Last month, the city of Denver held a candlelight vigil for 171 homeless or formerly homeless people. Seventy-nine of those people passed away on the streets of Denver in 2016. The short candlelight ceremony hosted by Colorado Coalition for the Homeless included a reading of the list of the decedents’ names. After each name is read, the memorial attendees chant, “We will remember.” It is the only memorial service many of these individuals will receive.
Almost every year the name of at least one Denver VOICE vendor shows up on that list. I thought we were going to make it through 2016 without losing a vendor (or former vendor), but then last month I learned at the memorial service that two former VOICE vendors had passed away: Tommy Gonzales and Bruce Wright.
Bruce was the very first Denver VOICE vendor. He sold the early version of the VOICE, back when it was distributed for free from the DenUM building. When the paper was resurrected in 2007 with a formal vendor program, Bruce had badge #0001. He even served on the board of the VOICE for a few years, and had found housing by the time he passed away.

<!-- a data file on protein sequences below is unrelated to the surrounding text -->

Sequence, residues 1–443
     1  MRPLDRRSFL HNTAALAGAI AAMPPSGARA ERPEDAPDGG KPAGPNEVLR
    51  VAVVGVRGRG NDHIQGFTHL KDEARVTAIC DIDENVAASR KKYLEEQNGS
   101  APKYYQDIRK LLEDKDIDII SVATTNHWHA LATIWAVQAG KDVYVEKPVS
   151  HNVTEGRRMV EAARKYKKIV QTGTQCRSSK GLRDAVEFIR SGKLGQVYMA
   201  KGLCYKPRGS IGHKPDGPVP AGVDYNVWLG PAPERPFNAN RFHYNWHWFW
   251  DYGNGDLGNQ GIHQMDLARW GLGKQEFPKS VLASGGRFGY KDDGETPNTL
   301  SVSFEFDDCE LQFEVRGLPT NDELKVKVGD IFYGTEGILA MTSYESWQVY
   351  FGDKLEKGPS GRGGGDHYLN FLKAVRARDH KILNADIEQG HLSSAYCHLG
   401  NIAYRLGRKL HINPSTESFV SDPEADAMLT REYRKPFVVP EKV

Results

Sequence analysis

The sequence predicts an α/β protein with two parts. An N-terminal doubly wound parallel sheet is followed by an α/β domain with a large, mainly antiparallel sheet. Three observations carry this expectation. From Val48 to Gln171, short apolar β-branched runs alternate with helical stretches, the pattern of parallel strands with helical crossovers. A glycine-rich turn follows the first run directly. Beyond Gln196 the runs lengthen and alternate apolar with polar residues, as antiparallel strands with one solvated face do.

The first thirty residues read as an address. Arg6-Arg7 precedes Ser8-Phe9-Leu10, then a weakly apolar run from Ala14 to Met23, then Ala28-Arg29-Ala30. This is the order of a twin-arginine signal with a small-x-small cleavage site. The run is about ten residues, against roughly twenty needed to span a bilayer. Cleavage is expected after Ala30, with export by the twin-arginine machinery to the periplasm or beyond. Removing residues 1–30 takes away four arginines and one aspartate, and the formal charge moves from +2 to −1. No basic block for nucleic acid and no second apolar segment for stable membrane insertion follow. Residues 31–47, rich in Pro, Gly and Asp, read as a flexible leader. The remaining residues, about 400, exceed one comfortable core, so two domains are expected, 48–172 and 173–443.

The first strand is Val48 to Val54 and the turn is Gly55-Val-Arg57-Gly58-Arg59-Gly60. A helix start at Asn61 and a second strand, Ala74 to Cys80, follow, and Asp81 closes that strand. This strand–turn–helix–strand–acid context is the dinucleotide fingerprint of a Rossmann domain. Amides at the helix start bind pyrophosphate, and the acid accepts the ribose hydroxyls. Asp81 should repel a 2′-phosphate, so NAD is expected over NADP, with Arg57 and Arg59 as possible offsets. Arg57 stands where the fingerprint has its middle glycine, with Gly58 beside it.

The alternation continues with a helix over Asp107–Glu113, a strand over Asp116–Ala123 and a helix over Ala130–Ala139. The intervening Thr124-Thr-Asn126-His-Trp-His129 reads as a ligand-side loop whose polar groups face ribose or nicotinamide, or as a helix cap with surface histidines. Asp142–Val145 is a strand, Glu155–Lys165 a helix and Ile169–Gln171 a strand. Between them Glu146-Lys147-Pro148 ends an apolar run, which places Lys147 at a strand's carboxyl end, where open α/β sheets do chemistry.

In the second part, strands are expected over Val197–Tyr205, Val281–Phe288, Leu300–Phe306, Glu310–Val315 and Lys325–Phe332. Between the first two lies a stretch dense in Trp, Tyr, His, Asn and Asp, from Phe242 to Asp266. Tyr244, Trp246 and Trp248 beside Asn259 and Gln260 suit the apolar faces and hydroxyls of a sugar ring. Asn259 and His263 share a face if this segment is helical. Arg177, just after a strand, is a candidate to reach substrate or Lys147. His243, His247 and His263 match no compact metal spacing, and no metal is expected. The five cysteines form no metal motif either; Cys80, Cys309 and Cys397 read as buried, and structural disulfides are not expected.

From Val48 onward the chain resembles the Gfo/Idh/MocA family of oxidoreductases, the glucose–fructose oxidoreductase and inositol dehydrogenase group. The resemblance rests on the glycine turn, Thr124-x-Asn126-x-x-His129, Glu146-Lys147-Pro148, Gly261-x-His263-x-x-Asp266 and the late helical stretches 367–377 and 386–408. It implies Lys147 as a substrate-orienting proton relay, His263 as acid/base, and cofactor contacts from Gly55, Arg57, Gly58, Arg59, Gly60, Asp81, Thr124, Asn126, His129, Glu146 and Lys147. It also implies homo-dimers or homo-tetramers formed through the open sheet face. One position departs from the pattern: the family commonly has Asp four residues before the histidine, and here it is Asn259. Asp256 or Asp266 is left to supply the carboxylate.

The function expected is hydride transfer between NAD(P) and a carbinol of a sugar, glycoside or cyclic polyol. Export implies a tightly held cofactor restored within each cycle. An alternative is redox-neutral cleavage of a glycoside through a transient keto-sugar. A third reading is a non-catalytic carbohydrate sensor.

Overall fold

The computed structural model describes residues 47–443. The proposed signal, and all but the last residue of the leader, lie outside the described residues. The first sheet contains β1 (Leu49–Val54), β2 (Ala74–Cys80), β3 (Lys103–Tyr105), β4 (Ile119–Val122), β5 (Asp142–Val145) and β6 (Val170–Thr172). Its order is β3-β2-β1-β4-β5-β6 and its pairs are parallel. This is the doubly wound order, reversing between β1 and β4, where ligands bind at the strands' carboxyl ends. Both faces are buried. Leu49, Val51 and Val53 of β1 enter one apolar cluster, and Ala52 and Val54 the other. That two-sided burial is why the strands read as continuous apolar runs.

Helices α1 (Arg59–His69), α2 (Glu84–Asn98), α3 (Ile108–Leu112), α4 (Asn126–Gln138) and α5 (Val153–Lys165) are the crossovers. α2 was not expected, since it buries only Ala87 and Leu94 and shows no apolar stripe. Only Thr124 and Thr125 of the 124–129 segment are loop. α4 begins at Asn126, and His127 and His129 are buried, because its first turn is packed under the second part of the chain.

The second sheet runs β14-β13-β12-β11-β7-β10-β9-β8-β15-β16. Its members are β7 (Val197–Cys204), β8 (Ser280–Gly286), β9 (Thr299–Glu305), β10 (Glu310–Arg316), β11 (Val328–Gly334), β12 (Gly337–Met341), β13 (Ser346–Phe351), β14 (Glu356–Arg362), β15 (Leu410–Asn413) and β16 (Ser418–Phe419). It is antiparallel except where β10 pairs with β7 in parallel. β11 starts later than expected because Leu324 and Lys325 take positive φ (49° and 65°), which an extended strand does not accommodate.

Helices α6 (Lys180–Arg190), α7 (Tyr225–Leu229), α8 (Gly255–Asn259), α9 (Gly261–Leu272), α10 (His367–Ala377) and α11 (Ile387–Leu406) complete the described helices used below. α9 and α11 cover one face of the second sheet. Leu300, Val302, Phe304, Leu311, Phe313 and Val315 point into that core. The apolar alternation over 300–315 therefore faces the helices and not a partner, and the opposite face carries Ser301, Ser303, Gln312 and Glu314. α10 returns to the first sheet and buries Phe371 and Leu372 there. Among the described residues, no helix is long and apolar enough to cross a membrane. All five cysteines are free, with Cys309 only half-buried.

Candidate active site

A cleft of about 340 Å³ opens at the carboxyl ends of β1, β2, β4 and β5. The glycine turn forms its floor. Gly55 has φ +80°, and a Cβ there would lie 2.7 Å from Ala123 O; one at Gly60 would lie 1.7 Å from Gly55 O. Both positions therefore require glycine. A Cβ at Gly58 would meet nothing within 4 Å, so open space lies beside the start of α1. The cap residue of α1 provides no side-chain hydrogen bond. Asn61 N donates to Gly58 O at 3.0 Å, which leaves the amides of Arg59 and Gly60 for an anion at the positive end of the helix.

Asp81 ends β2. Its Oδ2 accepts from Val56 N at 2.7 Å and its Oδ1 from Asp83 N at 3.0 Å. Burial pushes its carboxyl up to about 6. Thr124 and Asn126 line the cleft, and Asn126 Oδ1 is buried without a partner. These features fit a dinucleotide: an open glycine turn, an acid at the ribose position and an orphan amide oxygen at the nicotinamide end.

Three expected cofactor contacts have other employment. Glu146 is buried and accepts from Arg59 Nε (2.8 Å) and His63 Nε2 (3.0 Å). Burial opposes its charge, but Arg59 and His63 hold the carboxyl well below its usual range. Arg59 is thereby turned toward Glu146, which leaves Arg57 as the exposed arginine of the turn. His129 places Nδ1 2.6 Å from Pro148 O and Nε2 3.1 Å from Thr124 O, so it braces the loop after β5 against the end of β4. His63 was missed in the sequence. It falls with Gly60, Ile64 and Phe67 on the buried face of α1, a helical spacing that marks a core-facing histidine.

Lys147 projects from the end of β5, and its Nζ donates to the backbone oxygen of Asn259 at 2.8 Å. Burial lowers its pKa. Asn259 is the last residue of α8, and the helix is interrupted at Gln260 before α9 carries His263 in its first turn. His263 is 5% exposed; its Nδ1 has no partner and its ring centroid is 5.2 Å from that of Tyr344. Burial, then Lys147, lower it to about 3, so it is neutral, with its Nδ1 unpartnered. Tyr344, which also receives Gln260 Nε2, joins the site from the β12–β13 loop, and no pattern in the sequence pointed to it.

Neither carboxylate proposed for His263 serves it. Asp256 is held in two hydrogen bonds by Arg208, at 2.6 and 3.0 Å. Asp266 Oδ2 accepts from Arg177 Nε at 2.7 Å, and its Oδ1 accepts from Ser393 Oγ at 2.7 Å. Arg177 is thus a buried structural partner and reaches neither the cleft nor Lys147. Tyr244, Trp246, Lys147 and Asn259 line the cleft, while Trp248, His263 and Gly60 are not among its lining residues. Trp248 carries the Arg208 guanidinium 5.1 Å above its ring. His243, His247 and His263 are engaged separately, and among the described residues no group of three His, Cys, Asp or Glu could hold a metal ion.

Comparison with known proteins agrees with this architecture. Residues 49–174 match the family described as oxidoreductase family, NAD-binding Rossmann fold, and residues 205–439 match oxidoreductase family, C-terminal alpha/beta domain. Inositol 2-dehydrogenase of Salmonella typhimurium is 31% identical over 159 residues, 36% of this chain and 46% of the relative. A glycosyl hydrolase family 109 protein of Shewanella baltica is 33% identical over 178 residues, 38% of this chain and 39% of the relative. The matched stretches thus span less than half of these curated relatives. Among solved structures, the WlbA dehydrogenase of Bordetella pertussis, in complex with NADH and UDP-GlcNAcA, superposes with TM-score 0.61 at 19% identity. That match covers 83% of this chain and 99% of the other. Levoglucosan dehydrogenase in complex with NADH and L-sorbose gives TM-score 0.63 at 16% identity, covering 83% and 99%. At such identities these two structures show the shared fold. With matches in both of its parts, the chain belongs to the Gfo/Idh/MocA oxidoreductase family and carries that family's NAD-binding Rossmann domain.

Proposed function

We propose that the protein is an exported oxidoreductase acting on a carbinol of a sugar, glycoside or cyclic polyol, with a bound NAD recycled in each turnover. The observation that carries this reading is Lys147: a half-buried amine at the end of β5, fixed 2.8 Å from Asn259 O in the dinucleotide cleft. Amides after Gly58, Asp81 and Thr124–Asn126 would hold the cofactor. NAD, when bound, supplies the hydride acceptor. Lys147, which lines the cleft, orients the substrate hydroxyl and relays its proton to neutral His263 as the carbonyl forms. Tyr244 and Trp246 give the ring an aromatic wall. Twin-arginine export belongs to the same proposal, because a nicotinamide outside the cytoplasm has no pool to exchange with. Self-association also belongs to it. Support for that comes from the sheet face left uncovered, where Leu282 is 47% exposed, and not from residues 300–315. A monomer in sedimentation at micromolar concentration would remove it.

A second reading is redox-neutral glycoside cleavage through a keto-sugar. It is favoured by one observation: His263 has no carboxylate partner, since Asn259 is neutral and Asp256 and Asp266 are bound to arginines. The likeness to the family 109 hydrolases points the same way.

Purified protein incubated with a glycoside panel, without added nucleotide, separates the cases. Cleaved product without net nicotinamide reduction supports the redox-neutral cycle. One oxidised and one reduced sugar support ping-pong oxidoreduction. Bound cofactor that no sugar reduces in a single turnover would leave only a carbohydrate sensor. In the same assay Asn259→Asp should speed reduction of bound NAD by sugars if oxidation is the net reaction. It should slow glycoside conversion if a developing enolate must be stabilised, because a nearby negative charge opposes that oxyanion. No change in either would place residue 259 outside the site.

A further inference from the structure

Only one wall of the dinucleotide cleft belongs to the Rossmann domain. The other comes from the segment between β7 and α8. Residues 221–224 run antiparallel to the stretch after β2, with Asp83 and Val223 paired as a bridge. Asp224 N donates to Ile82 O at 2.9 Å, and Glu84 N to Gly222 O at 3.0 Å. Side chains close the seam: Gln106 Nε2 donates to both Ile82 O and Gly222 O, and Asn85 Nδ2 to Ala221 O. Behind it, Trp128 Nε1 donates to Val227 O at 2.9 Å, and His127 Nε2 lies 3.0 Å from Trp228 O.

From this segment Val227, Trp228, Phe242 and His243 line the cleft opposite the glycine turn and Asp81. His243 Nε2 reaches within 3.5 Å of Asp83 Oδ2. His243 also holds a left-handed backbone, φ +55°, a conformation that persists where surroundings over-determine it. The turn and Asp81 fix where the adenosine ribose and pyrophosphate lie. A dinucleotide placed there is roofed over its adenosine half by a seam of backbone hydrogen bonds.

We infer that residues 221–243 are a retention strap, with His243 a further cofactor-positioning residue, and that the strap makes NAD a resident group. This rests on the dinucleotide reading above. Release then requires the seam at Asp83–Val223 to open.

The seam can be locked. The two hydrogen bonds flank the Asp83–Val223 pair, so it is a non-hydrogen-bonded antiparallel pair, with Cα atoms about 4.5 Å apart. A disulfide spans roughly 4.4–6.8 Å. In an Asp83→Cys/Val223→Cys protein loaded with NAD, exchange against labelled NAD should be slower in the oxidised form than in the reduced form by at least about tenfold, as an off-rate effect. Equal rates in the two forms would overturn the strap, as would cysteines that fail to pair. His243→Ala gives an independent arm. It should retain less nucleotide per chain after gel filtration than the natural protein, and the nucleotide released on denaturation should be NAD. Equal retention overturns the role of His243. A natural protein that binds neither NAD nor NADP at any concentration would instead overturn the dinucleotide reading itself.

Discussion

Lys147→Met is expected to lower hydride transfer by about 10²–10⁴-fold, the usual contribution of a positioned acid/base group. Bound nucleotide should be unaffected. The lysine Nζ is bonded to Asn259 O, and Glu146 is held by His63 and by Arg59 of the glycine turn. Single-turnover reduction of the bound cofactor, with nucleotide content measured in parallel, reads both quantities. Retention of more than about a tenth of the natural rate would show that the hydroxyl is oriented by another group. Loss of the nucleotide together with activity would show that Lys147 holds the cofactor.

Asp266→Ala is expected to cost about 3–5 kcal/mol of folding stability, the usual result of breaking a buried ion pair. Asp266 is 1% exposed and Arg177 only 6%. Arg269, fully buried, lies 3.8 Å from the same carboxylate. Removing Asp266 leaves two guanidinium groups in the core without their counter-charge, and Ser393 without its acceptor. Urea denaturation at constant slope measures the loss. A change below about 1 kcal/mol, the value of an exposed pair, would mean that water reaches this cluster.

In addition to the memorial service, every year the Colorado Coalition for the Homeless publishes the macabrely-named Homeless Death Review, a report detailing mortality demographics for people experiencing homelessness. The life expectancy of someone living on the streets is about 30 years shorter than the life expectancy of a housed person. Even for a person like Bruce who makes it into housing, a history of experiencing homelessness takes its toll. According to the 2016 Homeless Death Review, 80 percent of the people memorialized at the last vigil were 60 years old or younger at the time they died.
Bruce would have turned 60 on December 25, 2016. He passed away on November 8, before he could celebrate that milestone birthday. We will remember Bruce, and Tommy, and all the others who passed away last year. ■